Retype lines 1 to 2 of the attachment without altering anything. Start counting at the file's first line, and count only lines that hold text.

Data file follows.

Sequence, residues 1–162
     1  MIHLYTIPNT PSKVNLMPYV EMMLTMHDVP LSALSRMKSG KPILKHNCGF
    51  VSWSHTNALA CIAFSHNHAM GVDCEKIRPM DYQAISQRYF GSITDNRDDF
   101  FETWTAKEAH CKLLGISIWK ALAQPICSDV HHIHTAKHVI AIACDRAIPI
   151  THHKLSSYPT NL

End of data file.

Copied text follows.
Sequence, residues 1–162
     1  MIHLYTIPNT PSKVNLMPYV EMMLTMHDVP LSALSRMKSG KPILKHNCGF